Friday, May 27, 2022

Ahead of Her Time: Tax Activist Vivien Kellems

1944 "She" magazine with Vivien Kellems on the cover. From the collection of The Vintage Purse Museum.

Vivien Kellems (1896-1975) was an inventor and businesswoman who refused to collect withholding taxes from her employees, saying it was double-taxation and unconstitutional. It's unclear what her opinion was on the 20 percent US federal excise "luxury" tax on many women-centric items, but it's interesting to note that on the same day the handbag tax went into effect, there was a smear campaign against Miss Kellems, linking her to a boyfriend who was allegedly a Nazi spy.

The 1944 newspaper clip below shows the news about the newly implemented luxury taxes and a separate article about the Kellems' rumor, later disproven.

Vivien Kellems challenged taxation policies until her death, but remains an icon of the fight against unfair taxation. Among her most memorable quotes is, "Our tax law is a 1,598-page hydra-headed monster and I'm going to attack and attack and attack until I have ironed out every fault in it."


01 Apr 1944, Sat Rutland Daily Herald (Rutland, Vermont)

Sunday, April 3, 2022

Journalist Frederick Othman, Friend of The Cause

Columnist Frederick C. Othman (1905-1958) wrote about the tax and its impact on consumers and handbag manufacturers. Despite employing his trademark sarcasm in the 1947 article below, Othman was clearly stating that women's handbags were as much of a luxury as men's pants. That is, not at all. Citing a woman's supposed fear of looking lumpy to make that point wouldn’t be acceptable today, but it’s true that only a small percentage of 1940s women's dresses were made with pockets. Even 1940s dresses that did have pockets weren't roomy enough to hold the entire contents of a purse.

13 Jun 1947, Fri Star-Gazette (Elmira, New York)

Sunday, January 30, 2022

Journalist Dorothy Roe

Among the many journalists referred to in "Pain in the Purse" is Dorothy Roe. In her fashion column, she wrote about how to avoid the tax by either crafting your own bag or buying a really good leather one that would last. Dorothy Roe also wrote the 1961 book "The Trouble with Women is Men." In it she quotes magazine editor John Fischer as theorizing, among other things, in his August 1958 article "The Non-Sexual Behavior of the Human Female," that women are "deciduous," and they shed "gloves, lipstick, handbags and handkerchiefs as a tree sheds leaves, while men spend their lives picking up after them!"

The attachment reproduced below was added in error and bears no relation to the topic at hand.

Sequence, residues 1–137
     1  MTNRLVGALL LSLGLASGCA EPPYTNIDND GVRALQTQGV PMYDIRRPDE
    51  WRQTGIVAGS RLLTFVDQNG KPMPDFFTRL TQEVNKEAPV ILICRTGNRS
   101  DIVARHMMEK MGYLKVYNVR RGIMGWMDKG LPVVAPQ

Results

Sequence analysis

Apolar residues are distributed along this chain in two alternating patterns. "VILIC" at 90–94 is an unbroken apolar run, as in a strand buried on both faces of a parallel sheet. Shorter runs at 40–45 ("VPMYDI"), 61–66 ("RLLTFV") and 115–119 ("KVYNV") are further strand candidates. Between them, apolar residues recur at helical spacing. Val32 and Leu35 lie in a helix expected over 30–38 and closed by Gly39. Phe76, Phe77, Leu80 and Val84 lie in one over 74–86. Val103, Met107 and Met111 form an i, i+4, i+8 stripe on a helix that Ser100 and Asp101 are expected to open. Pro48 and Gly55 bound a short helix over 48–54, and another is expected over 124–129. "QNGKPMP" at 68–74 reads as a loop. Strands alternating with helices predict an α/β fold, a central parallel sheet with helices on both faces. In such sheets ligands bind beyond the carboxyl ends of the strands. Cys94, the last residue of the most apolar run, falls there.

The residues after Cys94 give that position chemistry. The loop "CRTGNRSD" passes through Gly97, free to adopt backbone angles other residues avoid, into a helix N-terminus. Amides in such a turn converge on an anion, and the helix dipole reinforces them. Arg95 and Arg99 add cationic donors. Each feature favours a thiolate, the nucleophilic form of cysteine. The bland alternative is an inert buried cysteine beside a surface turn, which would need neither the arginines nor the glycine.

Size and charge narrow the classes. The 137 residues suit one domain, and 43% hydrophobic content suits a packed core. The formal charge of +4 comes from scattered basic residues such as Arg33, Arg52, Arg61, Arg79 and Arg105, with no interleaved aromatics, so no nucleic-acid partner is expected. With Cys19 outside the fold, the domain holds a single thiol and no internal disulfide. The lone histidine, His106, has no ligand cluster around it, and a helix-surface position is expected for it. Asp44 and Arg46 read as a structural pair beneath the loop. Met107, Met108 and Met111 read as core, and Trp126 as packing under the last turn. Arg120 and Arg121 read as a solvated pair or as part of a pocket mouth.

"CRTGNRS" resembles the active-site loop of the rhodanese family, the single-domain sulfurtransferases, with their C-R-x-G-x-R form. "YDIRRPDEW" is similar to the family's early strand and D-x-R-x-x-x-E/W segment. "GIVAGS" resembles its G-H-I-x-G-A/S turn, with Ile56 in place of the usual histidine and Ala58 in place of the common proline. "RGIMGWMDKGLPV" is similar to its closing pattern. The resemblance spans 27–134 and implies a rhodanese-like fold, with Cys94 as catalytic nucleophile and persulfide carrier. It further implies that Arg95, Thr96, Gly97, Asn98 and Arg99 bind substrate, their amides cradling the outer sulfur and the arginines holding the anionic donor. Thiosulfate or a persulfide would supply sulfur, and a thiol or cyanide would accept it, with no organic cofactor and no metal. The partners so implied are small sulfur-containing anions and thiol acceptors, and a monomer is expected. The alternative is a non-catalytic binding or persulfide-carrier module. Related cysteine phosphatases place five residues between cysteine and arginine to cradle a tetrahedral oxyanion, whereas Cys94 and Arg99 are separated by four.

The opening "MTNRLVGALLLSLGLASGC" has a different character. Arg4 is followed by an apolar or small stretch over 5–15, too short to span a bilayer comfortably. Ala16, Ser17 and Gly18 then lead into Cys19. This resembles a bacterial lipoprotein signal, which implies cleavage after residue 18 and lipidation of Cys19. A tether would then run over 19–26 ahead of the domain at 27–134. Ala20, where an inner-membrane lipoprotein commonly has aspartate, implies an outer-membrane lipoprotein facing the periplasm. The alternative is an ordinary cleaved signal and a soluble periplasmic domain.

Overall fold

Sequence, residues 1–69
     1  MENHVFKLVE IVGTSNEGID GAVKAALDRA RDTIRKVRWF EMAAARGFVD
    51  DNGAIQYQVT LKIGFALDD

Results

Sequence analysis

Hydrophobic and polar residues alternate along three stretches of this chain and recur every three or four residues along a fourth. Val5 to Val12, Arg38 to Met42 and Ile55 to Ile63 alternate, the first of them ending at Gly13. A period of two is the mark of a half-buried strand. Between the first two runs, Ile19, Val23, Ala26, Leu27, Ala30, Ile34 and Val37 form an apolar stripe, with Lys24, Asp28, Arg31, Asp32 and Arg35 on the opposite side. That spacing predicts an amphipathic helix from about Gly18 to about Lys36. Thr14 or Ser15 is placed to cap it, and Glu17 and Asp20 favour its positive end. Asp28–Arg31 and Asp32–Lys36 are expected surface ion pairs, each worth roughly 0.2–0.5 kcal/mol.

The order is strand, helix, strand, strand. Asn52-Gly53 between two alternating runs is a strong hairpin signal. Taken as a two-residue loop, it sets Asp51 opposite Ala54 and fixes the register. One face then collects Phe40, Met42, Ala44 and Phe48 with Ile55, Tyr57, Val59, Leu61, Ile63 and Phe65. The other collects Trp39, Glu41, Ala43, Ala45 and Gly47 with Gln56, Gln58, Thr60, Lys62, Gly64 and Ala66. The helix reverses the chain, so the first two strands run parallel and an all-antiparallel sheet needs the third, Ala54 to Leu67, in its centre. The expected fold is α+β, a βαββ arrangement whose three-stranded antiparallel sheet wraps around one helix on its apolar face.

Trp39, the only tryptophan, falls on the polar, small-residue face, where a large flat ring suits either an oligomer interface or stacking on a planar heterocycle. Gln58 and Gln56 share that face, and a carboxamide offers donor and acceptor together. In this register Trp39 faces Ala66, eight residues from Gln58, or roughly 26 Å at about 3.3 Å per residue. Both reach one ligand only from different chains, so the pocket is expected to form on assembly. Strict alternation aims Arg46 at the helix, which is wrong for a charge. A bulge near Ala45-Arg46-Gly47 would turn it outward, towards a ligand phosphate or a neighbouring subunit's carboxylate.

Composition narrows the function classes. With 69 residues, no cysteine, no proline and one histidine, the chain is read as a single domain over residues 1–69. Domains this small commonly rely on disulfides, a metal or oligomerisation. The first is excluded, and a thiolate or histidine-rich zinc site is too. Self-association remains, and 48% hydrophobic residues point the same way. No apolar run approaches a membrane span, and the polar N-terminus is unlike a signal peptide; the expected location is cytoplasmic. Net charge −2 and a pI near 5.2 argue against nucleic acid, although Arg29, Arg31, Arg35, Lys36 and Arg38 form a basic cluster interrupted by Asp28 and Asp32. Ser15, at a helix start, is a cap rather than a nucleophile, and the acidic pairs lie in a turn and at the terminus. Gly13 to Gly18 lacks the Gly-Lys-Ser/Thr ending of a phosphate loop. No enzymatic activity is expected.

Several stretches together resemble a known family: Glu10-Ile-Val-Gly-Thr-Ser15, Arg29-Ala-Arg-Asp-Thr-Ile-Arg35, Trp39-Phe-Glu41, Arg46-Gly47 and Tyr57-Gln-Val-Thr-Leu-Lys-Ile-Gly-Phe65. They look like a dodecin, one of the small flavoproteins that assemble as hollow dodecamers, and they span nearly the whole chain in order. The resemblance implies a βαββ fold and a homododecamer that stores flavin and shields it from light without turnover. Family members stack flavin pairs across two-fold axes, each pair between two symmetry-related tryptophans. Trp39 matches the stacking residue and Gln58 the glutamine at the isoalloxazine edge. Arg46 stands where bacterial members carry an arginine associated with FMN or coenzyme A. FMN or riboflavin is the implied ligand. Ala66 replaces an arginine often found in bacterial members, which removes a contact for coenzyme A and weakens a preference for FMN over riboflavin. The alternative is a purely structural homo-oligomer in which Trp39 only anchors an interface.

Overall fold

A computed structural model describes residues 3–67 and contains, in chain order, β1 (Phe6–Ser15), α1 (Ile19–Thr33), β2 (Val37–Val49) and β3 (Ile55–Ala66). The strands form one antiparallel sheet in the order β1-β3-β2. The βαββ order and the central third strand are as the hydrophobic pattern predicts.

This cavalier attitude about women and their supposed bad behaviors was not Fischer's alone. "Pain in the Purse" cites similar instances of flippancy among male writers and politicians with regard to the handbag tax.

Dorothy Roe's 1961 book, from the collection of Wendy Dager/The Vintage Purse Museum.

Wednesday, January 12, 2022

Manicure Set with Original Excise Tax Tag

Not only were handbags taxed at 20 percent from 1944-1954, but also items that fell into this category of "luxury" items, including luggage, wallets, key fobs and manicure sets.

1940s manicure set from the collection of The Vintage Purse Museum with original excise tax tag.

Closeup of tag.
23 Nov 1948, Tue The Algona Upper Des Moines (Algona, Iowa)

Monday, January 3, 2022

The Crafters

While many vintage clothing collectors are under the impression that the trend of home-crafted handbags peaked during and directly after World War II because of materials shortages, there was no rationing of handbags. There was, however, a limit on leather use at the manufacturing level, so traditional purse makers had to resort to unconventional materials such as plastics, which led to the creation of many unusual 1940s-1950s handbags.

However, in the book Pain in the Purse: The Tax That Changed Handbag History, you'll see proof that home crafters were crocheting bags using patterns such as the one below because they were simply trying to avoid the handbag tax on store-bought purses.

1945 Spool Cotton Company pattern book from the collection of The Vintage Purse Museum. This book still has the 10-cent price tag from Indiana-based Morris 5-cents to $1 Store inside its cover.

Saturday, December 25, 2021

Advice Was Ignored

Author Harold M. Groves ((1897-1969, state senator, economist, tax expert and University of Wisconsin professor) wrote the 1944 book Production, Jobs and Taxes, in which there was a small mention of federal excise taxes. Groves said that taxes on necessities “are objectionable from the standpoint of equity because they fall most heavily upon low-income families.” Although he didn't specify what should be considered a necessity and not, as in the determination of handbags, a "luxury," he also said, “If during the war the federal government launches upon a general sales-tax program, these levies should be the first to go when the war ends.”